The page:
Gender Differences in Axial Spondyloarthritis: Comparing Disease Burden and Treatment

CT of pelvis with sacroiliitis
CT of pelvis with sacroiliitis
An improved understanding of the gender differences in axial spondyloarthritis can improve disease treatment and reduce disease burden.

Although axial spondyloarthritis (axSpA) affects both men and women, atypical disease progression has been particularly recognized among women.1 The reported statistical distribution of men to women has varied over the decade, decreasing from a ratio of 10:1 in early studies reported before 1975, to a ratio closer to 3:1 in more recent studies in the United States,2 although a ratio of 1.03:1 has been reported in Switzerland.3 The uneven distribution of axSpA, particularly in earlier studies, may in part be explained by the low representation of women in pivotal clinical trials that are often not powered to detect gender differences or are analyzed for gender differences during postmarketing surveillance.4 Irrespective of the low clinical trial participation by women, differences in axSpA disease presentation, diagnosis, and response to treatment have been documented,3,5-7 yet there are a paucity of studies focused on identifying the underlying factors contributing to axSpA gender differences. An improved understanding of the gender differences in axSpA disease can improve disease treatment and reduce disease burden.

Extraarticular manifestations of axSpA include enthesitis, psoriasis, inflammatory bowel disease, and acute anterior uveitis.8 Although the studies are limited and some are inconclusive, the general trend shows gender differences in pain distribution; among women, back, neck, knee, and hip pain appear to be more common, whereas foot and joint pain are more common among men.6,7 Differences in extraarticular manifestations have also been reported; enthesitis and inflammatory bowel disease appear to be more prevalent in women and acute anterior uveitis is more prevalent in men. Furthermore, compared with men, disease burden is higher in women and quality of life is significantly lower. However, radiographic progression appears to be more severe in men compared with women, perhaps explained by the higher progression in the lumbar spine in men compared with the cervical spine in women. In early axSpA, women are reported to have greater disease activity and worse functional decline, despite fewer radiologic abnormalities compared with men.6,7  

The underlying physiology to explain axSpA gender differences is largely unknown. The speculation, however, is that genetic, environmental, cultural, and societal factors that influence behavior and approach to health care play a role.9 A recent review by Rusman and colleagues provides new insight that may help to explain the gender differences and the potential clinical consequences.3 For example, significantly elevated levels of the inflammatory cytokines tumor necrosis factor (TNF) alpha, interleukin-17A, and C-reactive protein have been reported in male patients compared with their female counterparts. Differences in the expression of genes associated with axSpA have been reported and estrogen may have an anti-inflammatory effect on SpA manifestations3 The clinical effect of these gender differences is reflected in axSpA disease diagnosis, its treatment, and patient outcomes.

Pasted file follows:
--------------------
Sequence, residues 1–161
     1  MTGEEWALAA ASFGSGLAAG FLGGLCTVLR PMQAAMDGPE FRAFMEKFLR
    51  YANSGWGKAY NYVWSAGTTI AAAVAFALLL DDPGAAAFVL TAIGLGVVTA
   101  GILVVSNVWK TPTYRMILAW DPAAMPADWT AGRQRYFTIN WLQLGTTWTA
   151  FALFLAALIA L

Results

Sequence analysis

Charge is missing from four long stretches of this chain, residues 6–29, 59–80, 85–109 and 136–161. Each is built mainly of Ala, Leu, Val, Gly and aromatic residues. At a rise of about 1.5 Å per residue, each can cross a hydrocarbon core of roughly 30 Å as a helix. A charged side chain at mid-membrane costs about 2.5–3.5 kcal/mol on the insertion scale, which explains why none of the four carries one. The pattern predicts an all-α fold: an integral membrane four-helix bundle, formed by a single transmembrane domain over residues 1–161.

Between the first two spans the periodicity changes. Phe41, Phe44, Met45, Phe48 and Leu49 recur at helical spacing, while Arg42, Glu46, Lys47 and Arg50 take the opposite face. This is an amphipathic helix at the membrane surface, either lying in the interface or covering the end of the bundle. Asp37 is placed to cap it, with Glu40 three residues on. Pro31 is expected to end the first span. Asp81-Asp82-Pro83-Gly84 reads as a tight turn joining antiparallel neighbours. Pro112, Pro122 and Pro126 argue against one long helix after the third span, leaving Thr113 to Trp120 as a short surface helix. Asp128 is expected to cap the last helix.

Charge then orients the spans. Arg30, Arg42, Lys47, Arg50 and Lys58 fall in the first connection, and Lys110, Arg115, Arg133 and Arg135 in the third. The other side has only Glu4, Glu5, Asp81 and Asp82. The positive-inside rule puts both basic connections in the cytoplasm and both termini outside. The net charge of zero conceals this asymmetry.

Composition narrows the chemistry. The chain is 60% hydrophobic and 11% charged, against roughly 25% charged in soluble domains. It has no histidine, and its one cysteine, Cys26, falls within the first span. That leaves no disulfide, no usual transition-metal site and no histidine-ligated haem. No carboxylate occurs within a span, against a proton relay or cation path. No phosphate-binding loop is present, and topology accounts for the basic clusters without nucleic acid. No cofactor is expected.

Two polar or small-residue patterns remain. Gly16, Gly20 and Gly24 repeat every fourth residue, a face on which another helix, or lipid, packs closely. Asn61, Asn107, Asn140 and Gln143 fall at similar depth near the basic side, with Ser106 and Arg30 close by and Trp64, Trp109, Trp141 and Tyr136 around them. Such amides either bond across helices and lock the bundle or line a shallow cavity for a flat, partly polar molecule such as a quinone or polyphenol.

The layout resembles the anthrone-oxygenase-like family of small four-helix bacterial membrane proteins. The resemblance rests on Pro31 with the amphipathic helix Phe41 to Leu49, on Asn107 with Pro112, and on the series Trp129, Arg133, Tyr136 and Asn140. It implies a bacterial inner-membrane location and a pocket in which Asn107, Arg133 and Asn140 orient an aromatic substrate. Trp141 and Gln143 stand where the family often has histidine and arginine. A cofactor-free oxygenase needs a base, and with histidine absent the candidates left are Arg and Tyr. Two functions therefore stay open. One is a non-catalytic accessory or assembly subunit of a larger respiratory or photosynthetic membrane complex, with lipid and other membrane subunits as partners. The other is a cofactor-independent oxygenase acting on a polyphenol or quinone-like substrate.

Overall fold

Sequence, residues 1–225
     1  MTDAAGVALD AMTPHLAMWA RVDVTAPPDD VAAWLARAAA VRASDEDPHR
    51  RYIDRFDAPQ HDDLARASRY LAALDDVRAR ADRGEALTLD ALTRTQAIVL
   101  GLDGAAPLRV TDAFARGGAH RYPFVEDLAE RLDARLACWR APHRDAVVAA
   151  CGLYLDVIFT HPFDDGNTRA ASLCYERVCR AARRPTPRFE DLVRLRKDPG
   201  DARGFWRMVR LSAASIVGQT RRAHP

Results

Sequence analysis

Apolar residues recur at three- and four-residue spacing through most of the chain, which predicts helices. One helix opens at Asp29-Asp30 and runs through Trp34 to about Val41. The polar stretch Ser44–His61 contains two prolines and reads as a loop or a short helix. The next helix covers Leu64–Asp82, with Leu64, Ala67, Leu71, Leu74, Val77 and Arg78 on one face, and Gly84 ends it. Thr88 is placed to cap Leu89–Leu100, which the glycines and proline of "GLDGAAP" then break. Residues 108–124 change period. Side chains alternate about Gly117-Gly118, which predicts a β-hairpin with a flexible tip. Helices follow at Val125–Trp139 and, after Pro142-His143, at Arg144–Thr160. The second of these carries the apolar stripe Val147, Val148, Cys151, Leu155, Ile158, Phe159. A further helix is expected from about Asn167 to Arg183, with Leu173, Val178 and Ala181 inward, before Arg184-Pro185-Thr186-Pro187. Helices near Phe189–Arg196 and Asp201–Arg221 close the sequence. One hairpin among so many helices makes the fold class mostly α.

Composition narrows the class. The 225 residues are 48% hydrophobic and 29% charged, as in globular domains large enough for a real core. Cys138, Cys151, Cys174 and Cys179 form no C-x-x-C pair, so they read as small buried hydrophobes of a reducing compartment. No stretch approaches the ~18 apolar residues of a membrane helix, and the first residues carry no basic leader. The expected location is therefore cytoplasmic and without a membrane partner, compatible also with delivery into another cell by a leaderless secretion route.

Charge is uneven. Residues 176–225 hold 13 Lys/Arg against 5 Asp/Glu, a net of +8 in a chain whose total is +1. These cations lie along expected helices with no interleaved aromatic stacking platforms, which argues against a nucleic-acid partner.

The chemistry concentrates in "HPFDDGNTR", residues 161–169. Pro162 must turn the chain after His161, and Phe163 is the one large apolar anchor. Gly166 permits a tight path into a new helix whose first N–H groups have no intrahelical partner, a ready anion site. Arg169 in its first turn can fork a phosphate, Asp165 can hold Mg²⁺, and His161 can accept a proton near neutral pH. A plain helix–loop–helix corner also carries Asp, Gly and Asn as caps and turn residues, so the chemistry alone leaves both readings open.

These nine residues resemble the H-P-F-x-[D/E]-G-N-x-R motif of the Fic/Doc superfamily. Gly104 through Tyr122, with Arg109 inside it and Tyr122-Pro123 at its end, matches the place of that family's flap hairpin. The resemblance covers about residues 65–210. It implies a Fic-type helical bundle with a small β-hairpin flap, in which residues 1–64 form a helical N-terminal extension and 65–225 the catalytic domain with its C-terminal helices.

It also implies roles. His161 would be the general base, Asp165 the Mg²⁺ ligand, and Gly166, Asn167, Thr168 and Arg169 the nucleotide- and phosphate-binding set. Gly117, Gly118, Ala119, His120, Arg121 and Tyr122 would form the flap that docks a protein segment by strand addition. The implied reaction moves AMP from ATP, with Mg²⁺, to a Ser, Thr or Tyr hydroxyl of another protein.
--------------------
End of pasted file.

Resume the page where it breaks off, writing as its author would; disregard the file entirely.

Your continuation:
Although the onset of ankylosing spondylitis is comparable between men and women, a 3-year delay in diagnosis has been reported in women compared with men.10 A recent meta-analysis of 42 studies involving 23,883 patients showed a significantly wider diagnostic delay, 8.8 years for women compared with 6.5 years for men.11 Differences in disease presentation and perception may contribute to the diagnostic delay; women are more likely to be misdiagnosed with fibromyalgia, particularly at the early stages of axSpA when the presenting symptom may be nonspecific back pain.3 Given the progressive and irreversible deformity that can occur in the absence of prompt effective treatment, the consequences of the longer diagnostic delay or misdiagnosis in women can have serious consequences. 

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Differences in treatment response between men and women can also have serious consequences. TNF inhibitors have significantly improved outcomes for patients with axSpA; however, the efficacy of TNF has been reported to be significantly lower in women compared to men.3 Predictors of TNF inhibitor treatment response, including the presence of HLA-B27, the absence of enthesitis, short disease duration, and being naive to TNF inhibitors are negatively associated with female gender. The higher percentage of body fat in females and the influences of female hormones have also been thought to influence response to TNF inhibitors. Furthermore, compared with men, adherence to TNF treatment is lower and switching of TNF inhibitors is higher among women.3 Despite the higher burden of axSpA in women, these differences may help to explain the reduced treatment response and poorer outcomes of women with axSpA.

Despite the demonstrated gender differences in axSpA that have resulted in delayed diagnosis and poorer treatment outcomes in women, there are a paucity of large-scale studies focused on providing clarity and understanding of these differences to enable gender-specific approaches to axSpA and disease management. Until further studies are conducted, it is important that physicians be cognizant of these gender differences when treating female patients with axSpA to reduce disease burden and improve outcomes.

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